BACKGROUND OF THE INVENTION

In general, modules for use in one location can either (1) be assembled at another location and transported to the location of use or (2) be assembled at the use location with their individual parts being transported from other locations. Each method of assembly has advantages and drawbacks. For example, if a module is to be assembled on earth and thereafter transported into orbit, then the overall size of the module becomes a limiting factor.

Pre-assembled modules, however, do provide certain advantages. For instance, all of the components and system interfaces of a pre-assembled module may be tested, calibrated, and repaired at the manufacturing location where replacement parts and technical expertise are readily available. In addition, a pre-assembled module can be utilized almost immediately once at its use location without having to wait for assembly or testing time.

Like pre-assembled modules, modules assembled on the use site also provide certain advantages. For example, the size and weight of an orbit-assembled module is theoretically unlimited, thereby providing designers with a greater range of design parameters and possibilities.

It would thus be advantageous over the prior art to provide inflatable modules that combine the advantages offered by, and limit some of the drawbacks inherent in, both pre-assembled and site assembled modules.

Space modules are generally known to the prior art. Illustrative of such modules are U.S. Pat. No. 3,169,725 issued to Berglund on Feb. 16, 1965; U.S. Pat. No. 3,144,219 issued to Schnitzer on Aug. 11, 1964; U.S. Pat. No. 4,730,797 issued to Minovitch on Mar. 15, 1988; U.S. Pat. No. 4,792,108 issued to Bull on Dec. 20, 1988; U.S. Pat. No. 4,825,599 issued to Swann, Jr. on May 2, 1989; U.S. Pat. No. 5,350,138 issued to Culbertson et al. on Sep. 27, 1994; U.S. Pat. No. 5,429,851 issued to Sallee on Jul. 4, 1995; and U.S. Pat. No. 5,580,013 issued to Velke on Dec. 3, 1996.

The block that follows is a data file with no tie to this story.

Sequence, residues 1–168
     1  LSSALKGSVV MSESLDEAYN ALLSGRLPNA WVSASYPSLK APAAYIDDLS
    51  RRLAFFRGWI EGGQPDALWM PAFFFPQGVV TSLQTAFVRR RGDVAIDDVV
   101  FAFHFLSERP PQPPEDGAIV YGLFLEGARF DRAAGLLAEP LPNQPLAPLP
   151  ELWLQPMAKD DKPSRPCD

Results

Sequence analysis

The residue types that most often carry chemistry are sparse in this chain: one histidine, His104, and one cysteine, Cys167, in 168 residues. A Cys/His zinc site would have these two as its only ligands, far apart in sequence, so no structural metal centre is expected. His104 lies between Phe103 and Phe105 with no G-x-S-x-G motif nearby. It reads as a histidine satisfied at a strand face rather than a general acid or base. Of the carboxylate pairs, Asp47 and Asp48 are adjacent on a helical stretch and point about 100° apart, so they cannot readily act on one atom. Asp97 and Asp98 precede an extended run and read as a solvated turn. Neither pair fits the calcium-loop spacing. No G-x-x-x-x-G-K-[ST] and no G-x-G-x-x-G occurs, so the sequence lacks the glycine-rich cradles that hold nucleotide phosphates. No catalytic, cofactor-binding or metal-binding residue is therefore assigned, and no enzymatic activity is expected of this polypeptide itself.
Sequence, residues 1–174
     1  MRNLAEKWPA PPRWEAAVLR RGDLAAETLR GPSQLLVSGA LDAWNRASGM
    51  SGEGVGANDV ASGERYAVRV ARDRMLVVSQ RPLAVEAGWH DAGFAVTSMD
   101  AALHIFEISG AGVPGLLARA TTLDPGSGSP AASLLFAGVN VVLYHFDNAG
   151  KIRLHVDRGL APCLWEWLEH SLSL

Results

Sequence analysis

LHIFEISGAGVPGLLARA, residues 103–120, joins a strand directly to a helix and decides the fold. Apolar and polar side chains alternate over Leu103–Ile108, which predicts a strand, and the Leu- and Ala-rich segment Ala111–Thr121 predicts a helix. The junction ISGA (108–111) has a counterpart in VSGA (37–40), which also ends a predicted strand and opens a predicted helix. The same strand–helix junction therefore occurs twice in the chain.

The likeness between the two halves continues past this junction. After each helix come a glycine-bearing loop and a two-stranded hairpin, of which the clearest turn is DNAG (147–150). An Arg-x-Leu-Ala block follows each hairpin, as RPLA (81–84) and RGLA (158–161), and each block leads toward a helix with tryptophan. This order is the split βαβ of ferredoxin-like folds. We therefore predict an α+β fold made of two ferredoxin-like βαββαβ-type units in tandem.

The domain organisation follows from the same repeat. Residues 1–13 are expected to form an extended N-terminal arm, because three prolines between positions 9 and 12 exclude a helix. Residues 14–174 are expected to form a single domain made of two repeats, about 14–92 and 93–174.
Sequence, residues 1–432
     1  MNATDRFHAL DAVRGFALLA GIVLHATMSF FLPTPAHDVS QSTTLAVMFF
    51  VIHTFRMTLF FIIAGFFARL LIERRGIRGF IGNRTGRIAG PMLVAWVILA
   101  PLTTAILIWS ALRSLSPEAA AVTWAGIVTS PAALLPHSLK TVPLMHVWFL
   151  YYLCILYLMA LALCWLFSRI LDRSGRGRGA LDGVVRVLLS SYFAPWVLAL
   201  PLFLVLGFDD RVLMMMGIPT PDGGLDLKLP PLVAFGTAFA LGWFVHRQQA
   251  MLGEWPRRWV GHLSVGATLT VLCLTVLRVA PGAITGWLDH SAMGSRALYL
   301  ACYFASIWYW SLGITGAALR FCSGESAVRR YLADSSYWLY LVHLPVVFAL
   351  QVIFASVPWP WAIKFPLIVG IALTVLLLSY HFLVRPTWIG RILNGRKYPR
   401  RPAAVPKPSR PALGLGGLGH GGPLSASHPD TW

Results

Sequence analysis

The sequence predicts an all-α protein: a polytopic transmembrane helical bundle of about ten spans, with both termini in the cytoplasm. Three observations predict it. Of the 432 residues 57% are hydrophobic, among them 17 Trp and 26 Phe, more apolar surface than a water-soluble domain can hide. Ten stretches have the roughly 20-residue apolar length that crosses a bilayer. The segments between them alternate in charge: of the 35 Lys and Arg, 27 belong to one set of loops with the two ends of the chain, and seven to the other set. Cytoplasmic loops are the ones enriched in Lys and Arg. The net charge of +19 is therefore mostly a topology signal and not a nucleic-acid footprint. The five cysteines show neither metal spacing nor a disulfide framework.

Although most of the listed patents include ingenious structures to be utilized in the outer space environment and some even include expandable components, none of the inventions disclosed in such patents include a structure that is compact during the transport or deployment stage and can thereafter be inflated to provide a fully usable space in the deployed stage.

SUMMARY OF THE INVENTION

Accordingly, the objectives of this invention are to provide, inter alia, a module that:

combines the advantages offered by, and limits the drawbacks inherent in, pressembled assembled and in situ assembled modules;

is lightweight, collapsible and compact prior to and during its transport or pre-deployment stage;

is capable of being subsequently inflated while in its deployed stage to provide a relatively larger volume for storage, containment, human habitation, shelter, or work, as well as for space flight;

minimizes the number of parts to be assembled as well as the amount of work necessary to complete the assembly;

for space-flight, may be launched in existing launch vehicles;

allows for the majority of its components and system interfaces to be tested and calibrated prior to transport and deployment;

for space flight, may be efficiently and easily converted from its structurally efficient launch configuration to its deployed configuration;